Got the portable gas tank and put some gas in, and instantly realized the tank was full, even though the gauge reads empty. Something is dicky with the fuel gauge. That's for tomorrow.

Opened the rear differential and drained the fluid. Going to replace with synthetic. Got everything cleaned up but had to order the gasket. Will get to that this weekend.

Checked out the carb and fuel was leaking into the unit. Pulled the carb and will mail off tomorrow for rebuilding. The bar is a 1969 but the carb is from a 1970. Hummmmmmm.......
 

taongisurvivor

Buick Newbie
11
1
1
Huntsville, Alabama
Buick Ownership
Buick Electra 225 1969, Buick Riviera GS 1967
Update number 2: Was looking at the wires leading to the fuel tank and coming off the forward end of the tank was a ground wire that had been crimped and the connection fell apart at my slightest touch. I never, never, never crimp wires unless it's an emergency. I cleaned up everything and soldered the connection plus used shrink tubing to prevent moisture intrusion. Result: No change. Aft of the tank was a single wire. The volt meter indicated approximately 6 volts when the ignition was on, no volts when the ignition was off. This was obviously the power wire to the tank. I disconnected the wire, turned on the ignition, and the fuel gauge now read full, thereby indicating no resistance from the sending unit (or indicating a full tank). I had drained most of the gas so this reading was incorrect, but did tell me two things: First, the fuel gauge is probably working correctly. Second, the problem is probably with the sending unit. Going to D.C. for the week for work, so dropping the tank is next week's project. Gotta love these cars.
______________________________
 

taongisurvivor

Buick Newbie
11
1
1
Huntsville, Alabama
Buick Ownership
Buick Electra 225 1969, Buick Riviera GS 1967
Update number 3: Dropped the fuel tank and removed the sending unit. Checked it on a volt meter and the unit is bad. That's the good news. The bad news is the unit is a "cannister type" sending unit that just can't be repaired and any NOS stocks were used up years ago. I purchased an aftermarket, but in some cases those units are prone to needle fluctuations when taking corners or going up/down steep hills. The good news is that my tank is in great shape and has a big baffle right next to where the new sending unit goes. This should significantly reduce the fluctuations in the gauge needle during cornering. The new sending unit has an Ohm range from 0 (empty) to 125 (full) as compared to the old unit with a range from 0 (empty) to 90 (full); this menas that once the tank is full the gauge could read beyond full, but this is ok. All of the hoses were shot and I have replaced them. The new vent gizmo came in and I put that on as well. I am now ready to re-install the tank tonight. The carb was removed and sent for rebuilding and is due back in another week. In the interim I have removed the plugs, cleaned them up and re-set the gap. The plugs looked great. More to follow once the carb gets back.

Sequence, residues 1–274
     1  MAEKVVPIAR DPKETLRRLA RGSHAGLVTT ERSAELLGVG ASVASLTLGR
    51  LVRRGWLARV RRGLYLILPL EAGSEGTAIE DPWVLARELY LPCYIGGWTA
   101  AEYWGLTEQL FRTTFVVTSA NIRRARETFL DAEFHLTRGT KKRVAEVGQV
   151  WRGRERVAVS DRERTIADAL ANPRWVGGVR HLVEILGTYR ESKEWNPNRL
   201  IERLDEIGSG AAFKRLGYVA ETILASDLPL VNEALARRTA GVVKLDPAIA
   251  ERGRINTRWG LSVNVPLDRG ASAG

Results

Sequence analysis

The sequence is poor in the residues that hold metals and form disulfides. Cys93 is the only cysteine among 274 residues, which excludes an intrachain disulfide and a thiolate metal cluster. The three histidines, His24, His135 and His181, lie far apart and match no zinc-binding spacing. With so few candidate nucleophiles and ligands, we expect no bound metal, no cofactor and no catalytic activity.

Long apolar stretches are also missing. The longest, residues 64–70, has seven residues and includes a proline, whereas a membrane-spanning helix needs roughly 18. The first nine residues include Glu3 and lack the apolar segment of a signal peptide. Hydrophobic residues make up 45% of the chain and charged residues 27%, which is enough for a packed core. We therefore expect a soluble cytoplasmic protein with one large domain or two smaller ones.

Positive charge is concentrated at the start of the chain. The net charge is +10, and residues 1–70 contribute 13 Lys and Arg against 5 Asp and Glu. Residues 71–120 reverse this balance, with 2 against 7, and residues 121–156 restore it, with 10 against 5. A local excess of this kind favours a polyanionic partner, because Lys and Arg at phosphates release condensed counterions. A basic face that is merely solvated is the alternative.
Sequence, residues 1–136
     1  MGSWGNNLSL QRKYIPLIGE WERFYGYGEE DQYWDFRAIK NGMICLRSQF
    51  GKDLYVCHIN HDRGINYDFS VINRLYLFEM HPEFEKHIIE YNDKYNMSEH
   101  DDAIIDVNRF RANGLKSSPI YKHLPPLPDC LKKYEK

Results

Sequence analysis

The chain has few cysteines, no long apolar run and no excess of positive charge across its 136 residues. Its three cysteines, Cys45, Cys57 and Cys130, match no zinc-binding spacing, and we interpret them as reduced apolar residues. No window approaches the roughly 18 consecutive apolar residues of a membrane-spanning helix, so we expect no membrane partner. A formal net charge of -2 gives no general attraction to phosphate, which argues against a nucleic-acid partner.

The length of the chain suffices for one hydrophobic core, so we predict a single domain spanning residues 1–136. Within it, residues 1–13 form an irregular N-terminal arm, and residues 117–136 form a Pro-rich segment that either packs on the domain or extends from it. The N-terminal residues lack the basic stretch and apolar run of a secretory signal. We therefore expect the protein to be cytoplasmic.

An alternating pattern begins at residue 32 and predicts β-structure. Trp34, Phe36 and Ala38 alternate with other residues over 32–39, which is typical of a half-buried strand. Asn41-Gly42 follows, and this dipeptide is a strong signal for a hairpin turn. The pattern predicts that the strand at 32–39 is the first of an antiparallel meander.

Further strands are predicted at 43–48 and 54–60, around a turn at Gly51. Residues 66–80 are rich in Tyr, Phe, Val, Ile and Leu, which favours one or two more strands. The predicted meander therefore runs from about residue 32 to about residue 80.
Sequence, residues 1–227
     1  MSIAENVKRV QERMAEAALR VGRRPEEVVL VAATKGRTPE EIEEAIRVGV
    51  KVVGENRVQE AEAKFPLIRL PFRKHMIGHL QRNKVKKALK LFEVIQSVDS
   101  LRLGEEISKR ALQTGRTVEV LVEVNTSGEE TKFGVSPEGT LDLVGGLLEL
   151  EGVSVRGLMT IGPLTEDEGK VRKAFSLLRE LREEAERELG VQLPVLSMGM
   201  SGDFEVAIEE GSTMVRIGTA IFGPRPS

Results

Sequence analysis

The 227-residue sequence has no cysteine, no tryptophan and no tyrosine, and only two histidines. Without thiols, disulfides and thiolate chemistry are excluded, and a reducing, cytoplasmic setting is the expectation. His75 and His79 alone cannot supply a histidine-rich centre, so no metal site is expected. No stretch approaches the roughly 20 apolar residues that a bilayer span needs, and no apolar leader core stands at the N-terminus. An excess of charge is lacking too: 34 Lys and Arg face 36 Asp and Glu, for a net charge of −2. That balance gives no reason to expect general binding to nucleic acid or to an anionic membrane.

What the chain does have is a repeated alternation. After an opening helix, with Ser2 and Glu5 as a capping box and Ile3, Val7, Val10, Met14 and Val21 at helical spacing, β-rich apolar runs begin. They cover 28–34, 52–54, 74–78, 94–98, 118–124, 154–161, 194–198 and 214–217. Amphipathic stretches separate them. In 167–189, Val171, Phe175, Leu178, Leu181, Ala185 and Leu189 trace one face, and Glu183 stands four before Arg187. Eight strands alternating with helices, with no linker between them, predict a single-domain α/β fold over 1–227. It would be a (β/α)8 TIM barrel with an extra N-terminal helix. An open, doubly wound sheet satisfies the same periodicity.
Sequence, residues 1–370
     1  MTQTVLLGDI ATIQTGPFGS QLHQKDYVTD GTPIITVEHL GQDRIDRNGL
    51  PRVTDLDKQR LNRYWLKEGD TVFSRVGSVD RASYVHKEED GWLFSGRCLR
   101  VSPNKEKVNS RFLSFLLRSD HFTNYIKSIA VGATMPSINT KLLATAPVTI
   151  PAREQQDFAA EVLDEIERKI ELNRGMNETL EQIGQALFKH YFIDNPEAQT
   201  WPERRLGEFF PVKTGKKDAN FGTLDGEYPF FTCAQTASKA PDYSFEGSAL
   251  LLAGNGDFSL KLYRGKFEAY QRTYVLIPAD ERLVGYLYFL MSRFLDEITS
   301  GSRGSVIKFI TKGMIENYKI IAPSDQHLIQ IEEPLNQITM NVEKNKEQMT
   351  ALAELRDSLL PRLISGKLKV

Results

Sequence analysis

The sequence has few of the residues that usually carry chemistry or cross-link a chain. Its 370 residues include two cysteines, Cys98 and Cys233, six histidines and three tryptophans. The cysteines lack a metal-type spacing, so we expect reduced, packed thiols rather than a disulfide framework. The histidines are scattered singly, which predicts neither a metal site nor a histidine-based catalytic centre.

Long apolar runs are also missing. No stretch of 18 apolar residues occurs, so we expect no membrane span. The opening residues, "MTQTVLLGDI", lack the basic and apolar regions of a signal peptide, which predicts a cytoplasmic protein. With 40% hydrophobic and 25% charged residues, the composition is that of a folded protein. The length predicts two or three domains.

taongisurvivor

Buick Newbie
11
1
1
Huntsville, Alabama
Buick Ownership
Buick Electra 225 1969, Buick Riviera GS 1967
Update Number 4: The gasket for the rear differential cover could not be found. It is a 10 bolt cover with a spread of 11.5 inches bolt hole to bolt hole. Got tired of driving around and looking on the interweb so I just bought some gasket material and made my own. Synthetic diff fluid added and all bolted together. Gas tank now installed and the fuel gauge working perfectly with no leaks. Replaced the rotor and distributor cover as the points looked fine. Now waiting on the carb to fire and re-set the timing and dwell. AC does not work so once the car gets running I will take that on.
 

taongisurvivor

Buick Newbie
11
1
1
Huntsville, Alabama
Buick Ownership
Buick Electra 225 1969, Buick Riviera GS 1967